The EU has announced $67 million in new anti-drug funding for Bolivia, as the government continues to look to fill the funding gap left by the breakdown of relations with the United States in one of the region's critical drug trafficking and production hubs.
Representatives of the European Union (EU) signed an agreement with Bolivian President Evo Morales on June 10 that pledged over $100 million in development assistance, two thirds of which will go to anti-drug programs. The measures outlined in the agreement will include technical assistance from European police departments and funds dedicated to reducing illegal coca cultivation.
This funding is the latest in a series of such packages that have made Bolivia the largest recipient of EU assistance in the Americas, and follow on from $33 million pledged in 2013, and $313 million delivered between 2007 and 2013 -- around a third of which was dedicated to anti-drugs efforts.
Aid from Europe has come in the wake of diminishing US influence in Bolivia. Morales expelled the US Drug Enforcement Administration from Bolivia in 2008 and then in 2013 expelled the US Agency for International Development (USAID) shortly before the last US anti-narcotics office in Bolivia, operated by the US Treasury, was shuttered.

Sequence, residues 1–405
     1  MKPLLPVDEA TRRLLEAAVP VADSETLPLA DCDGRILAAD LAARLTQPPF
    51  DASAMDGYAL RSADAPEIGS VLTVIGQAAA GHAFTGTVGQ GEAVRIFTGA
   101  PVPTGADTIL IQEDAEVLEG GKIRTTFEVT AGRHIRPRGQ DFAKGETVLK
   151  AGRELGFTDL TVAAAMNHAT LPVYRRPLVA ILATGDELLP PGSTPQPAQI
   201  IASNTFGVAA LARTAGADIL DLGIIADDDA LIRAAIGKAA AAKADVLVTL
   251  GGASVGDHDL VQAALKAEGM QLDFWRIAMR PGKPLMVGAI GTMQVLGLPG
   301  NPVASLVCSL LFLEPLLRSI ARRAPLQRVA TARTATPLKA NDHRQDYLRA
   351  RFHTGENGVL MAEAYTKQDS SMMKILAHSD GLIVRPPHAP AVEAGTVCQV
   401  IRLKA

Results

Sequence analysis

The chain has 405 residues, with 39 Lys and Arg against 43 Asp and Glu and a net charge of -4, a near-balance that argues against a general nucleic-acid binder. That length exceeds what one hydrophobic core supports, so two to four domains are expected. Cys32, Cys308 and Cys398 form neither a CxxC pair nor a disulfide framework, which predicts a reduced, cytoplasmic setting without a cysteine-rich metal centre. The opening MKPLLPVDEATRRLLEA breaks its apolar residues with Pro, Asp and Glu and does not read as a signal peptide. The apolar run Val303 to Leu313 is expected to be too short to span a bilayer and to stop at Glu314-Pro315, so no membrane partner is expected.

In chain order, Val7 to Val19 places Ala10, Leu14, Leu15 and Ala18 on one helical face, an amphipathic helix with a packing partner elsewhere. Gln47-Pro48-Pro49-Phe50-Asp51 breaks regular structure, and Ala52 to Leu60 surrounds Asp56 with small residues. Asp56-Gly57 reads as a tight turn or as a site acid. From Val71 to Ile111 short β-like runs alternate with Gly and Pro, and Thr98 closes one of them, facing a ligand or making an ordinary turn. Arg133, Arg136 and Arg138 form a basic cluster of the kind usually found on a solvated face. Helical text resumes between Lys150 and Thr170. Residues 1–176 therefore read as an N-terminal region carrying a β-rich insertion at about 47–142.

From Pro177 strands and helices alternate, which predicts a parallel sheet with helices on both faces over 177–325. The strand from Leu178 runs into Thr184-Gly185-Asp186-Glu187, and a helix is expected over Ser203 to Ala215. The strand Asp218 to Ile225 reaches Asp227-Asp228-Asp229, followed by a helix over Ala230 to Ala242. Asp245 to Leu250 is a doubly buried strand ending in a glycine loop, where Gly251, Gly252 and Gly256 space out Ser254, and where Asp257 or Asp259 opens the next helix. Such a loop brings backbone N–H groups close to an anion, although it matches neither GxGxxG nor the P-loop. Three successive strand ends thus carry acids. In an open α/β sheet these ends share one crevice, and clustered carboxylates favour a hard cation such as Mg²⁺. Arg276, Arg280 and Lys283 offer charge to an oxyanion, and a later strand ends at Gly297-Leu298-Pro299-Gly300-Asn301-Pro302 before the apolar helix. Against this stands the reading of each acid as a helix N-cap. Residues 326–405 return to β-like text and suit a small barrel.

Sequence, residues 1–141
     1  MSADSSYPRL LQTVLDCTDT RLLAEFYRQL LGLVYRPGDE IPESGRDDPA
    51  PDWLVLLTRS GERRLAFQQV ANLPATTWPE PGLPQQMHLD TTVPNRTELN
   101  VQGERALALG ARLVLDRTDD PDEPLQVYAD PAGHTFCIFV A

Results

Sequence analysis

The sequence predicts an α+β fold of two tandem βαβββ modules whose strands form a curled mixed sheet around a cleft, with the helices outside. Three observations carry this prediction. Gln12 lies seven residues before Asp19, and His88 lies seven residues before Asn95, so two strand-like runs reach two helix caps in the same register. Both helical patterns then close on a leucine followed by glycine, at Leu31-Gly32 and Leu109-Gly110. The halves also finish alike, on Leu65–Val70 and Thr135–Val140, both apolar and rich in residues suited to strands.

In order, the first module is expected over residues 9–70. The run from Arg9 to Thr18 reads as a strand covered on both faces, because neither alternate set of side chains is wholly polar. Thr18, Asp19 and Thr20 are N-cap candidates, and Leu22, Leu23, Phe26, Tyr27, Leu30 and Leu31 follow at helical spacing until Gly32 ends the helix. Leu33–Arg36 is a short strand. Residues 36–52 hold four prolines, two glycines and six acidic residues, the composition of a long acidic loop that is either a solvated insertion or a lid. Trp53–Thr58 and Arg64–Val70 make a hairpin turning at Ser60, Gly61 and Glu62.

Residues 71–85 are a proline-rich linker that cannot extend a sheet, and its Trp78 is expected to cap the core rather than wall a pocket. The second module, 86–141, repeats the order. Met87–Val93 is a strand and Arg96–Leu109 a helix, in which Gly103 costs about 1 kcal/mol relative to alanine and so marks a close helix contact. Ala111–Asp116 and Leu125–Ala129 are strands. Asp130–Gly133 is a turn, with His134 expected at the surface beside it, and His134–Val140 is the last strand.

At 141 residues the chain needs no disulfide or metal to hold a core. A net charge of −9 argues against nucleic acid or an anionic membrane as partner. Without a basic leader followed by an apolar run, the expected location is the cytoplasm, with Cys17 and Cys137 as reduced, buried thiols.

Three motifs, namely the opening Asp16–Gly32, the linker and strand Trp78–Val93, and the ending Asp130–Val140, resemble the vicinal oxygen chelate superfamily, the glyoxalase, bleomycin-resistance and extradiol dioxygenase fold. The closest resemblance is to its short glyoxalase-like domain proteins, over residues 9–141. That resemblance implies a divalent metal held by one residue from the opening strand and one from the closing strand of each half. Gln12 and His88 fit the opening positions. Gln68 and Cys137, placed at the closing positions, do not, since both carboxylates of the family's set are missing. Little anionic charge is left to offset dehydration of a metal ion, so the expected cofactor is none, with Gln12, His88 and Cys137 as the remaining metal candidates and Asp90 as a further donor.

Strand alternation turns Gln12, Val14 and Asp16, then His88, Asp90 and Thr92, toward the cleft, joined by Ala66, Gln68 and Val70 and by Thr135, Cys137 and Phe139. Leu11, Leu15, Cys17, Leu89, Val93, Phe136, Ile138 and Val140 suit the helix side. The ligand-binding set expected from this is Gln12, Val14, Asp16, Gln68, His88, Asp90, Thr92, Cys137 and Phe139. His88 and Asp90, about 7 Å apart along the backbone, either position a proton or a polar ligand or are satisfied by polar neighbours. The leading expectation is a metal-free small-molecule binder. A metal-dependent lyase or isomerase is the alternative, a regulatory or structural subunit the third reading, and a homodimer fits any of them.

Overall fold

According to aggregate foreign assistance figures for all US government agencies, the US spent just $1.02 million on counter narcotics funding in Bolivia in 2013 down from an annual high of $17.5 million in 2010. According to official figures, no US funds were spent on anti-narcotics efforts in 2014.
InSight Crime Analysis
Bolivia has recorded mixed results in combating the drug trade since it began to sever ties to the United States. The government's engagement with rather than criminalization of coca growers has seen coca cultivation fall, while eradication has risen. However, the lack of outside funding and technical assistance has allowed the trafficking side of the business to flourish as the state has lacked the resources to carry out interdiction operations and dismantle organized crime structures.
SEE ALSO: Evo's Challenge: Bolivia the Drugs Hub
The substantial aid Bolivia is now receiving from the EU will help fill the funding vacuum left by the United States. However, to truly tackle drug trafficking and organized crime in the country, it will have to be directed not only towards the issue of coca cultivation, but also towards other areas such as boosting intelligence gathering capabilities and access to technology, and fighting corruption within the security forces.